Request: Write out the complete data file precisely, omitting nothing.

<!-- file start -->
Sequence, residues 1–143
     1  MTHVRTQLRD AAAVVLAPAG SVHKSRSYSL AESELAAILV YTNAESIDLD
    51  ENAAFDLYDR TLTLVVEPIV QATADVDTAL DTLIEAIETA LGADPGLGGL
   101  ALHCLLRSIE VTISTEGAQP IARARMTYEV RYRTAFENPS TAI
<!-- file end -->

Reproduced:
Sequence, residues 1–143
     1  MTHVRTQLRD AAAVVLAPAG SVHKSRSYSL AESELAAILV YTNAESIDLD
    51  ENAAFDLYDR TLTLVVEPIV QATADVDTAL DTLIEAIETA LGADPGLGGL
   101  ALHCLLRSIE VTISTEGAQP IARARMTYEV RYRTAFENPS TAI